Have you ever been driving to the store, minding your business, when you hear a song or certain formation of notes that transports you to a very specific point in your life and you’re met with a wave of memories or emotion? Always having had a fear of forgetting things, I began keeping track of these memories– curating a soundtrack for every year of my life for at least the last 10 years, and keeping journals specifically recounting the memories tied to each song. I like to call this time travel, but science likes to call it MEAM– music-evoked autobiographical memories.
Our memories have sensory triggers, and music is one of the most sensory forms of creativity– whether consuming or producing, the chances that you’re sitting still while doing so are slim. The ways in which music can engage numerous senses at a time is automatically stored in your brain at the time of its engagement. The limbic system, structures within the brain that directly correlate to emotion and memory, is activated when listening to music. There have been countless studies regarding the connection between music and autobiographical memory and why music can trigger certain emotional responses. There have also been studies which indicate mimicking your music selection with your mood– listening to melancholy music during times of turmoil– can provide comfort, which can aid in the healing process. The ways in which grief can manifest in the body are sensory effects to the cause just like the ways we engage with music are sensory effects to the cause. You see where I’m going here?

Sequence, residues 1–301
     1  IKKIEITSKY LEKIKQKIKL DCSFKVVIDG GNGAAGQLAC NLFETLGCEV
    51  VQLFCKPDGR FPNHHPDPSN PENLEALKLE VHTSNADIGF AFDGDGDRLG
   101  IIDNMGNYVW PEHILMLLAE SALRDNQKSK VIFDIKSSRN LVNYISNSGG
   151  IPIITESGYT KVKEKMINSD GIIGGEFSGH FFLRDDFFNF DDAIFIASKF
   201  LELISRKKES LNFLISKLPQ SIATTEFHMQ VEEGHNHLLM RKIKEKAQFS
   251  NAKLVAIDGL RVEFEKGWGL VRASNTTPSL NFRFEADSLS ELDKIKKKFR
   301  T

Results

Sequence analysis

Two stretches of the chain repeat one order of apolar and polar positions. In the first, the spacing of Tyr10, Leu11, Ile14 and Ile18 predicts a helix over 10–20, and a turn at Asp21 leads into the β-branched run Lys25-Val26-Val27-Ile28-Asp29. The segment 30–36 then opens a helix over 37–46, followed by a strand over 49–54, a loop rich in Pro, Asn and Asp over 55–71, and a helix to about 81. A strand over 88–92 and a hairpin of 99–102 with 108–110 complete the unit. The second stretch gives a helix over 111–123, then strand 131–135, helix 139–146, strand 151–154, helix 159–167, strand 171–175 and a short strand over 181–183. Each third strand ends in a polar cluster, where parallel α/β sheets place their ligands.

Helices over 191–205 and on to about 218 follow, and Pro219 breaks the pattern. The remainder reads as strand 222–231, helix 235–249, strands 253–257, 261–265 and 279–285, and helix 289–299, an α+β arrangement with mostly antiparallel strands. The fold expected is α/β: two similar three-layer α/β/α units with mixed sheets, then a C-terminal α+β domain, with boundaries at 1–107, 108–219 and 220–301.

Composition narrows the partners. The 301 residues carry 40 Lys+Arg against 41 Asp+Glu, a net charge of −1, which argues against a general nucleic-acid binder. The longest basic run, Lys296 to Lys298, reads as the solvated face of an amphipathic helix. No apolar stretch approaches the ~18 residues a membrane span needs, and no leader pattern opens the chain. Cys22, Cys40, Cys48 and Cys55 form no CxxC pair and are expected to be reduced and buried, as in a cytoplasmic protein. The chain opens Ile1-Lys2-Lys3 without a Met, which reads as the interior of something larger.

Music has healing properties, so I encourage those reading to tap into those parts that have been forgotten. Start small—no need to delve right into trauma– think about who you were a year ago, how have you grown? Sift through your library and find a song you remember enjoying this time last year. What kinds of emotions come to the surface and have those emotions evolved from their origin? I recommend sitting with it for a while and writing about what you’re experiencing. Is there a certain song or body of work that comes to mind for you while reading this? This is a call to embrace the elements of life that have brought you to this point, to gain a better understanding of the different components that create the whole.
As important as it is to reflect, it is equally important not to dwell on things that are out of our control or that we cannot change. As you dive into your library, it’s worthy of note that these are memories, and sometimes memory can be deceiving; each time you listen to a song, your neural catalog is updated, attaching a different memory to that song. Listening to Joni Mitchell won’t make your dog come back to life, but it might make you smile when you think about the times he’d stick his whole head out the window just so he could feel the sun on his face.